LT implements new remote learning model


LT student e-learning outside (Claire Williams/LION)

Claire Williams , Managing Editor

After months of deliberation this summer, LT announced that students would be starting the 2020 fall semester 100% online. Students and staff have since had to adjust to remote learning.

“It’s something that was very disappointing,” Superintendent Timothy Kilrea said. “We want our kids back in school. But we also know that in a pandemic, we’re going to be pretty conservative, listen to the medical experts and err on the safety of our students and staff.”

LT’s remote learning model is based on an A/B block schedule. LT began the block schedule during the spring semester of remote learning after receiving student and parent feedback that the eight-period day with evening homework was overwhelming, Kilrea said. 

The original remote learning model announced on Aug. 4 included four days of synchronous learning, with Wednesdays acting as a non-instructional day. However, this model was met with negative feedback from the community.

“People didn’t view [the Wednesday] as a structural day as much as they viewed it as maybe you’re totally removed from the school environment,” Kilrea said.

In response to feedback from our community, Director of Curriculum and Instruction Scott Eggerding worked with his team to increase instructional time, Principal Brian Waterman said. The current model includes synchronous classes Monday-Friday. Mondays (“Lion Days”) include eight 35-minute periods, while Tuesdays/Thursdays (“Gold Days”) and Wednesdays/Fridays (“Blue Days”) include four 75-minute periods.

The synchronous format of this year’s model is a result of students expressing a lack of connection during the spring semester, Kilrea said.

“Even though you’re not with [your teachers and classmates] in person, you can still come in and communicate with them live in the moment,” Angus Allan ‘24 said. “[Synchronous learning] is definitely a lot more helpful, especially when you’re struggling with topics. For someone like me who gets very easily distracted, I can definitely learn a lot more with synchronous lessons.”

The first period of each block day is a lunch period–either fourth or fifth period. Since most students have this free period before their synchronous class starts, it presents the opportunity for students to eventually come on campus for specialty classes, Kilrea said. However, certain populations of students, including LIFE and Transition students, must be brought on campus first, as is compliant with ISBE/IDPH guidance.

We’re reassessing every day,” Kilrea said. “The original hybrid model was very aggressive, but we’re in the process of finalizing a more conservative hybrid model that we might be able to utilize if our health experts tell us that the numbers are going in such a direction that would allow it. We’d love to implement something.”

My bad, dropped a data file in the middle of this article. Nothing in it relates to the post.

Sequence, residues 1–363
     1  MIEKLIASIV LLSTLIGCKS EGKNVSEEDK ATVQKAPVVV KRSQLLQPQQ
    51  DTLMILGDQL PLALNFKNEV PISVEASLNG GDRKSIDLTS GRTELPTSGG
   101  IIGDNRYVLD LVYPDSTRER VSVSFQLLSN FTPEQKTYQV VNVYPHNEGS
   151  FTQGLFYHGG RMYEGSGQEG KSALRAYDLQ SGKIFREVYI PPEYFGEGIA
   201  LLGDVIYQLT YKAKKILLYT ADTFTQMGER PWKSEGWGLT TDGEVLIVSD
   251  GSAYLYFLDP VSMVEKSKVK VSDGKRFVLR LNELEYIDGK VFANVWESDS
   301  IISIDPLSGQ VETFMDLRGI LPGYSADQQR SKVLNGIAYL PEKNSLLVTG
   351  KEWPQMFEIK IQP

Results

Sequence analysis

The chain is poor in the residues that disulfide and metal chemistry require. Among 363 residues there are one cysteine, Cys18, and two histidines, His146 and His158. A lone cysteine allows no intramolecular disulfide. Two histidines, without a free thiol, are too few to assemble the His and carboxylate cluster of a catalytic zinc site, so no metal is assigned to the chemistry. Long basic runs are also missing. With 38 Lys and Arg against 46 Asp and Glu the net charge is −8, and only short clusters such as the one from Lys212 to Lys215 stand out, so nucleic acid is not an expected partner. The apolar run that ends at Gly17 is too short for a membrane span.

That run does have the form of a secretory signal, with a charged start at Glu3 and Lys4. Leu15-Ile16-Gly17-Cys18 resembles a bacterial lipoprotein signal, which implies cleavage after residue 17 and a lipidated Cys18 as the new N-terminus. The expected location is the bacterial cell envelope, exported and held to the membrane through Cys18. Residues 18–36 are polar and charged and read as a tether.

In the meantime, teachers and students are adjusting to the realities of remote learning. 

For example, teachers have worked to adjust their curriculum to accommodate the shortened synchronous learning time and fit the needs of their students. 

After sensing increased anxiety over the college process this year, instructional coach and English teacher Virginia Condon adjusted the timing of the class’s personal narrative assignment in order to give her senior English students the college essay experience right away, she said.

“I shift to the needs of what I feel like I’m hearing from my students—I try to do what is best for them,” Condon said.

Teachers also received more instruction and Zoom training during the three additional institute days before the first day of school. Both Technology Enriched Curriculum (TEC) coaches and instructional coaches presented during these institute days and have continued to offer assistance to teachers.

Instructional coaches are offering Coaches Cafés, Zoom meetings in which they teach new instructional strategies to use online, Condon said. The meetings run twice per month. As of now, they are largely focused on student engagement.

“Nothing prepares you for having students physically in front of you if you are a teacher that loves interacting with your class,” Condon said. “You like to think you’ve planned lessons that are engaging, but it’s a totally different world.”

TEC coaches are available to teachers via email and Zoom calls, TEC coach and biology teacher Callie Salaymeh said. They initially received hundreds of questions a day from teachers.

“There’s a huge range [of questions] based on how tech savvy each teacher is,” Salaymeh said. “But I’ve been super overwhelmed and impressed with the efforts from all the teachers at every level of technology savviness. Most teachers have put in so many extra hours in order to learn what they needed to learn.”

Teachers have especially put a lot of effort into finding ways to connect with their students. LT provided professional training to staff to utilize Zoom features such as breakout rooms to try to connect individually with students, Kilrea said. In addition to checking in on breakout rooms, Salaymeh keeps one student after class each day to talk to them and get to know them better.

“I think the connections you form with your teachers are really important and hard not to have, and they’re harder to form during remote learning,” Abby Deuter ‘22 said. “Getting to know a teacher means that they can find ways to help you learn in the ways that work best for you.”

As LT closes in on one month of remote learning, Waterman has heard from students and is meeting with four separate Student Advisory Councils to get feedback from students on the council and see what adjustments can be made, he said.